Music & Life

Did you jam on the keys at age five? Sing since you wore diapers? Or did you just pick up music a year ago?

The amount of music in your life directly affects your ability to understand language. The longer you have played, the better your language skills[4]. How is this possible? What are the hidden connections between music and language? Is it too late to improve your language skills through music?

Understanding the distinct sounds of language begins at infancy[4]. As a child, you listened to lullabies, invented your own songs, and played toy instruments. Each time you heard a familiar tune or hit a wooden spoon against a metal pot, you increased your brain’s ability to understand the rhythms, syllables, and distinct sounds of language[5]. Simple songs helped you learn how to communicate with words and learn new vocabulary[4, 8].
Develop your ears with music for language
While musical activities can help children learn language, musical training in an instrument or voice increases language learning in both children and adults[4]. Why? Musical training increases the brain’s ability to discern between correct and incorrect sounds similarly to discerning between correct and incorrect pitches or rhythms[4, 3]. How is this helpful? Well, for example, a musician who does not understand Spanish will learn quicker because he or she can pick out the correct rhythms, pitch, and inflections of each distinct word[4,7]. In fact, musicians even detect emotion in language better than those without musical training[4].

Practical ways to improve your language skills with music

1. Sing – a lot!

Singing releases stress, helps you express emotion, and builds your brain’s verbal abilities. If you have children or teach a class, you can easily incorporate songs into daily activities like walking the dog, cleaning, or going to the park. Extra bonus: you will increase your child’s verbal abilities, too! (Not too sure about the dog, though.)

Cherry Bloom (photo: ANAKA Juuyoh (田中十洋)/Flickr)

2. Take up a musical instrument or take voice lessons.

Even six months of basic keyboard can increase your language skills[4]. You do not have to be the next Lizst to benefit from musical training. Voice or drum lessons will help build up the language regions of your brain.

3. Sing in a foreign language.

Increase your foreign language skills by singing songs in a different language. Start with simple nursery songs like “Frere Jacques” or the Japanese “Cherry Blooms”. Work your way up to more difficult songs or take advantage of worldwide music stores (like iTunes) and learn pop songs from other cultures.

Classroom and therapy ideas

1. Use songs and simple rhythm games with special needs children.

Music therapy increases the language skills of children with Down’s Syndrome[1]. Anecdotal evidence suggests that music can help children with other special needs like autism. When incorporating music with a special needs child, keep music games simple and remain sensitive to his or her needs. For example, drumming might overstimulate a child with severe autism. Singing a soothing song in a quiet room might be a better alternative.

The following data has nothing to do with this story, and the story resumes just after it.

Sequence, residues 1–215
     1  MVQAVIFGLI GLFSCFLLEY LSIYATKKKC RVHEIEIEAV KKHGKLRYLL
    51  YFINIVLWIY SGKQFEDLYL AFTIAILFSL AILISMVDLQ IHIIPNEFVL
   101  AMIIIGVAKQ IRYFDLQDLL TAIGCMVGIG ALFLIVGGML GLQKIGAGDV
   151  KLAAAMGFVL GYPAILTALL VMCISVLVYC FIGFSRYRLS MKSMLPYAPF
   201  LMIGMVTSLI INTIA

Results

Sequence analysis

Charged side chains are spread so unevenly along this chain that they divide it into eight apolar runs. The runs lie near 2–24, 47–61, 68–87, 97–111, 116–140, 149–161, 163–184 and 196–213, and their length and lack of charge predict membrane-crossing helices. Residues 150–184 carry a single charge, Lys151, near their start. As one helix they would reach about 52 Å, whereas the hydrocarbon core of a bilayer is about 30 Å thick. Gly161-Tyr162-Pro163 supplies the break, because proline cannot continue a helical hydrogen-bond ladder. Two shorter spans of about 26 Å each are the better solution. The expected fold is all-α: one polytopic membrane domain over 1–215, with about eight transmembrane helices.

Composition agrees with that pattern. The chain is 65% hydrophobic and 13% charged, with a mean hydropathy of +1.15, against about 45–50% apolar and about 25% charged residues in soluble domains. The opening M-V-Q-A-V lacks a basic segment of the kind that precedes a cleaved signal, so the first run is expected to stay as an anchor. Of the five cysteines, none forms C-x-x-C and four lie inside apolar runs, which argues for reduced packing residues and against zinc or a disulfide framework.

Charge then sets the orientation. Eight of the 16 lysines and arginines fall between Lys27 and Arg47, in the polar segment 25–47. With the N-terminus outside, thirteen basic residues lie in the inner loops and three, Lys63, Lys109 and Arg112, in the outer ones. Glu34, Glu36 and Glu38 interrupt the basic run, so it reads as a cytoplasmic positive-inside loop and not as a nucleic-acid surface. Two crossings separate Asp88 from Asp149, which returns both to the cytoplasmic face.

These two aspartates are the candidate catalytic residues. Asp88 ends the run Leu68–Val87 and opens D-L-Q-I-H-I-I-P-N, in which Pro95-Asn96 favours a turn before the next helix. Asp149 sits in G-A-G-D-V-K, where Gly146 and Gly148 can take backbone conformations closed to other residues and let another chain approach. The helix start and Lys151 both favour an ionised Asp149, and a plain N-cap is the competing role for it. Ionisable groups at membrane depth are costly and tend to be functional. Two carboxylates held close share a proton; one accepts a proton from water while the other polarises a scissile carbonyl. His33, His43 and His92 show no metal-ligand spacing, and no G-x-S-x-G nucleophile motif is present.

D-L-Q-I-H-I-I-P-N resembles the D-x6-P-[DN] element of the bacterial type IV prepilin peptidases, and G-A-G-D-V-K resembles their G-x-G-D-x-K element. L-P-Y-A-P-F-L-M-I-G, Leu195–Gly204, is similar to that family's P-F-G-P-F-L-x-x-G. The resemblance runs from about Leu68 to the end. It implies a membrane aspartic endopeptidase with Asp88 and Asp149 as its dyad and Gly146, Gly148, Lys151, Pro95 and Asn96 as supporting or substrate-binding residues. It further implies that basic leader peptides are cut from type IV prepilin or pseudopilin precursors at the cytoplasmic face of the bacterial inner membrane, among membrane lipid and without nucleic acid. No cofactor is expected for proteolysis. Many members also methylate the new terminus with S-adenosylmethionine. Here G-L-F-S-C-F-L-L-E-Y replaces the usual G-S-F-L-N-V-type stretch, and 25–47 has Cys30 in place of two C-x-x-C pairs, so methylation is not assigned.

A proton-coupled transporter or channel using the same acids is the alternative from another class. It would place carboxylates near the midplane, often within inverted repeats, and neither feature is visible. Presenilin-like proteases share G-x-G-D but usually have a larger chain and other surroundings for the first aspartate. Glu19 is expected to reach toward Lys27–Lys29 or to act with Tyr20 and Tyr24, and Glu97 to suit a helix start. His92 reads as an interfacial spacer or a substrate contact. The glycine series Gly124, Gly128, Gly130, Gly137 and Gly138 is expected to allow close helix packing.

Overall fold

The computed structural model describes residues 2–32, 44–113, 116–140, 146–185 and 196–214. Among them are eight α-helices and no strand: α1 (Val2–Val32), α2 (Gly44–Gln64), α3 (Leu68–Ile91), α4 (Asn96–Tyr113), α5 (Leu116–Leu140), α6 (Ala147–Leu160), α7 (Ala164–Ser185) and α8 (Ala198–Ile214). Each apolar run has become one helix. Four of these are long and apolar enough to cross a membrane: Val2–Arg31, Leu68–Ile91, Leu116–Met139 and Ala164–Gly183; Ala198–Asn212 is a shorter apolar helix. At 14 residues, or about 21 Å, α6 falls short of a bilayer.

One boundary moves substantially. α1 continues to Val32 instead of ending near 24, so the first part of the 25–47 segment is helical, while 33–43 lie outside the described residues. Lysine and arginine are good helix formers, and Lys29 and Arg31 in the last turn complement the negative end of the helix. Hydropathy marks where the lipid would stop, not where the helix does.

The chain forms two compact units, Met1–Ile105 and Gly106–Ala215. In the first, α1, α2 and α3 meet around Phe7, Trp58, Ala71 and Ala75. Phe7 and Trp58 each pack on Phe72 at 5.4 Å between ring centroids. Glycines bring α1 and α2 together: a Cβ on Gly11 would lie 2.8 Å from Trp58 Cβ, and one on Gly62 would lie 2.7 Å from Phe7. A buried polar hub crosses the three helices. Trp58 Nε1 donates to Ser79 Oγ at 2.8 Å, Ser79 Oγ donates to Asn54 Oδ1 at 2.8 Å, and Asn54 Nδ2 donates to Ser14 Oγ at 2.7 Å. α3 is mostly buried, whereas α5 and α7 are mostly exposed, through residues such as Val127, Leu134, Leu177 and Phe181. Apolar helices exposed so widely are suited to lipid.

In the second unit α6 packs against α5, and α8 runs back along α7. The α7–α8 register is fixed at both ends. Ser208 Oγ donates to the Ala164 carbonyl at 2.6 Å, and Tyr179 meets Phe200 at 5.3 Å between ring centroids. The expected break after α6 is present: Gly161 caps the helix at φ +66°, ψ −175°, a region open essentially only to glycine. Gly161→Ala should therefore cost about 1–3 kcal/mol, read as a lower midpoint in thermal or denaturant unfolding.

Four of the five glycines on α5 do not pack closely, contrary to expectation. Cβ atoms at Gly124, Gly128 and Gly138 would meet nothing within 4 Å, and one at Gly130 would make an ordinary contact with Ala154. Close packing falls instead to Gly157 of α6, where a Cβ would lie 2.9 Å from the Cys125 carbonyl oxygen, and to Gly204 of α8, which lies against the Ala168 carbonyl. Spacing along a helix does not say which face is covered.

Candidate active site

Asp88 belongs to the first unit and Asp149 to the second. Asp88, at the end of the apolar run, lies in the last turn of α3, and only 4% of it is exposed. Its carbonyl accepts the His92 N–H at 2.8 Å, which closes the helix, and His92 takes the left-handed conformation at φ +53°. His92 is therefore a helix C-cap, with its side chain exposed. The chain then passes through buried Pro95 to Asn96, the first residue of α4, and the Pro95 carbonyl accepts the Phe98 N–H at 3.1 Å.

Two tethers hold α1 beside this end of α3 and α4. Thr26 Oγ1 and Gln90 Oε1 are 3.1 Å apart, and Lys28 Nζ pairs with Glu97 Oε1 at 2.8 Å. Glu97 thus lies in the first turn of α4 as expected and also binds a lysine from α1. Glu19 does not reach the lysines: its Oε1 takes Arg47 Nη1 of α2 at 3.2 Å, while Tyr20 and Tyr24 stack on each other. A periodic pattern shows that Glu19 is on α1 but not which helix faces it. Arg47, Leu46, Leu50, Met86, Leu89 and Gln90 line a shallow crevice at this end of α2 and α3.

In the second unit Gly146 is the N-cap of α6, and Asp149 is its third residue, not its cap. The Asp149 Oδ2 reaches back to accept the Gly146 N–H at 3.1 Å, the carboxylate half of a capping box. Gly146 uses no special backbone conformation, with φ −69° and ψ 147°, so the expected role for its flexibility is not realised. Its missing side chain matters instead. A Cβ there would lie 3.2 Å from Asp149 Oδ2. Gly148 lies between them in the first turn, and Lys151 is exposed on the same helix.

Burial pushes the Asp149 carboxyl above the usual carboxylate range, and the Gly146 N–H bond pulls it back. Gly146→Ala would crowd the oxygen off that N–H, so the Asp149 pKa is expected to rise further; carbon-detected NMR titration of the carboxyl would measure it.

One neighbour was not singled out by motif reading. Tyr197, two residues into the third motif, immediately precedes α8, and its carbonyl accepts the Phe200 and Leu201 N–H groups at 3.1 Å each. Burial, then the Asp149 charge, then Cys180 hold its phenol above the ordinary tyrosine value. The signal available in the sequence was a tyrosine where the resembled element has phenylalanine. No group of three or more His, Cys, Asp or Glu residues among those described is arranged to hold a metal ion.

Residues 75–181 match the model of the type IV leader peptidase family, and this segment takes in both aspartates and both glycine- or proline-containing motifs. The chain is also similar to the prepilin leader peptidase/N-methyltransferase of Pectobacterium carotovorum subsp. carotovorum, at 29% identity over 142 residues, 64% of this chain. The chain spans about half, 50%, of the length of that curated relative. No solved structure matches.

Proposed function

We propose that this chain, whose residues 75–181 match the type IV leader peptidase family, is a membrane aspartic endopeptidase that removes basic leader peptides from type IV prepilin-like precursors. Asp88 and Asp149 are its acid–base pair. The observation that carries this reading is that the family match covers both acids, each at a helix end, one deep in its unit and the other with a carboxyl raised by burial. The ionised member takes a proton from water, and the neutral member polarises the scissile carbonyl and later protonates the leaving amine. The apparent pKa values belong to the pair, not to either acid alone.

Add rhythm instruments to the daily routine

2. Add rhythm instruments to the daily routine.

As students sing a song, encourage them to clap their hands or stomp their feet in rhythm. Have a box of rhythm instruments available for impromptu music making.

3. Basic keyboard lessons.

With a few songbooks, headphones, and an inexpensive electronic keyboard, set up a keyboard station in the classroom. Students who finish their work early can spend time at the keyboard. Encourage group learning.

Do you want to increase your verbal brainpower? Then sign up for community keyboard lessons, join the local choir, or take a drum lesson. Sing silly songs with your kids.

Even if you never played an instrument in your life, it is never too late to boost your brain with music.

Show article sources


  1. Bennett, S. (2010). Down Syndrome Online.
  2. Masataka, N. (2007). Music, evolution and language. Developmental Science, 10(1), 35-39. doi:10.1111/j.1467-7687.2007.00561.x.
  3. Magne, C., Schön, D., & Besson, M. (2006). Musician Children Detect Pitch Violations in Both Music and Language Better than Nonmusician Children: Behavioral and Electrophysiological Approaches. Journal of Cognitive Neuroscience, 18(2), 199-211. doi:10.1162/089892906775783660.
  4. Moreno, S. (2009). Can Music Influence Language and Cognition?. Contemporary Music Review, 28(3), 329. Retrieved from MasterFILE Premier database.
  5. Legg, R. (2009). Using music to accelerate language learning: an experimental study. Research in Education, (82), 1-12. Retrieved from Professional Development Collection database.
  6. Paquette, K., & Rieg, S. (2008). Using Music to Support the Literacy Development of Young English Language Learners. Early Childhood Education Journal, 36(3), 227-232. doi:10.1007/s10643-008-0277-9.
  7. Brown, S. (2005). Sound of Music Gives Feel for Language. Science Now, 3. Retrieved from MasterFILE Premier database.
  8. Honig, A. (2004). Communicating With Babies Through Music. Early Childhood Today, 18(5), 24. Retrieved from MasterFILE Premier database.
  9. Moore, P. (2009). Singing Forges a Link Between Music and Language. Teaching Music, 17(2), 57. Retrieved from MasterFILE Premier database.